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Kit manufacturer Vans Aircraft has filed for protection under Chapter 11 of the federal bankruptcy code, citing the move as ‘a key step in the reorganisation of [the] company’. Although it intends to ‘continue to source, produce and provide parts, service and support’ to customers, it also notes that prices will increase.

The move marks the latest stage in a series of what Vans describes as ‘a handful of complex issues’ experienced over the last few years. These included unprecedented Covid-induced supply chain challenges, ‘faulty primer that led to corrosion problems on quick build kits,’ and ongoing issues with laser-cut parts.

Although a ‘recovery plan’ was announced at the end of October, Vans describes the Chapter 11 filing as a ‘key step in the reorganization of [the company]’; noting that although ‘this situation creates a hardship for everyone involved,’ it is a vital part of enabling the company to continue.

Vans has been developing plans for each impacted group of customers, dependent on the approval of the court. Due to the ‘volume and nature’ of customers with deposits on engines, propellers and avionics, clarification should not be expected before mid-January. Additionally, it is Vans’ goal that all 1,800-plus customers affected by the issue of laser-cut parts should receive replacements before the end of 2024, although it is noted that this cost ‘will be very significant’.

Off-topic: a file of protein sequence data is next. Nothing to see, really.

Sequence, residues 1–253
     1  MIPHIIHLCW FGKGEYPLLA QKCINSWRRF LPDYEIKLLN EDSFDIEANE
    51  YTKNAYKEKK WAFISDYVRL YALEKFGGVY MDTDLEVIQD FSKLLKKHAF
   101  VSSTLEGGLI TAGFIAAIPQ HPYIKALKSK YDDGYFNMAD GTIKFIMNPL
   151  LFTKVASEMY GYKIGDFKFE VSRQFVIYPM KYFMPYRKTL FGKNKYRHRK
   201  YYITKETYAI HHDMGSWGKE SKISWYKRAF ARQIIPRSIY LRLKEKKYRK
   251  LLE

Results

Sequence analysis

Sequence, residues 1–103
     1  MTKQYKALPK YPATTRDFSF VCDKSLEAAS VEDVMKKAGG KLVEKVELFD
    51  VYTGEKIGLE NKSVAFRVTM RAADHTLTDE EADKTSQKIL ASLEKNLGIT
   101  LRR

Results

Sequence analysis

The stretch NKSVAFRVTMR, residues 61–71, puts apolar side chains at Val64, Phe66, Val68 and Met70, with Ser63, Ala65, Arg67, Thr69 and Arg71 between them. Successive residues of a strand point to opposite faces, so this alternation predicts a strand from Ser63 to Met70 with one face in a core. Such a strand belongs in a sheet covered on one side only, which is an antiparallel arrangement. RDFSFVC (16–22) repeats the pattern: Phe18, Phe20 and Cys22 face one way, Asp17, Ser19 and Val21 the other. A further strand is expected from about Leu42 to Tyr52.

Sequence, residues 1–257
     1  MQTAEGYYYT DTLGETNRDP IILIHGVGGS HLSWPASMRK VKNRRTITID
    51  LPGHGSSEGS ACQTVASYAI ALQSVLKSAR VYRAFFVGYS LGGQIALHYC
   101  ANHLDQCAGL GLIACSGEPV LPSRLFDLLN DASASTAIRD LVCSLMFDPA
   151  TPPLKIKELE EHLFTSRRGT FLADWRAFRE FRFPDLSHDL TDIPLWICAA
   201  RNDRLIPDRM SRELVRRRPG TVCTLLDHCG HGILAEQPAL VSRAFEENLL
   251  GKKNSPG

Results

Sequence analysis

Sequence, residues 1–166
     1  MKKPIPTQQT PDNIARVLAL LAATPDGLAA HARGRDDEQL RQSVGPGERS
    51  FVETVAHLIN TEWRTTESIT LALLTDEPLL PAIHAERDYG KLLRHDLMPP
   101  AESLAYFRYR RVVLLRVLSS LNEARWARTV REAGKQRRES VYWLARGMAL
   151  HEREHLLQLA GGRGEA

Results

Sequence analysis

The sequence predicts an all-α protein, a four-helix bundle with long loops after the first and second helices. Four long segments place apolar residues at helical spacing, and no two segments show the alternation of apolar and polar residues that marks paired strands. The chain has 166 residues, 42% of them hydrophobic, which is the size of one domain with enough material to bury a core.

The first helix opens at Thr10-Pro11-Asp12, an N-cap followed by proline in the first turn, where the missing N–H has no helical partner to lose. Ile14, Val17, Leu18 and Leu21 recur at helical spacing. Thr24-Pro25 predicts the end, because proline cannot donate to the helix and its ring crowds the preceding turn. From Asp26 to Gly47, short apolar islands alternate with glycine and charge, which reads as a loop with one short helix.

Price increases will also be applied to customers with open parts orders and deposits on aircraft kits, the latter of whom will be contacted ‘within the next seven to ten days with an offer to apply the full amount of their existing deposits toward the purchase of the same kit, under new terms and conditions including a price increase’. It is unclear yet what these specific cost hikes will entail for the customer.

Although the shipping of in-stock kit orders are expected to commence within the next week or so, Vans highlights that the need to ‘ship kits that generate positive cash flow’ will play a definitive role in who receives their products first first. However, ‘where we are able to do so, we will also consider the age of the original customer order,’ concludes the manufacturer.

Vans will file its proposed reorganization plan within the next 90 days, detailing how it intends to operate in the future and how its existing financial obligations will be dealt with.

IMAGE: VANS AIRCRAFT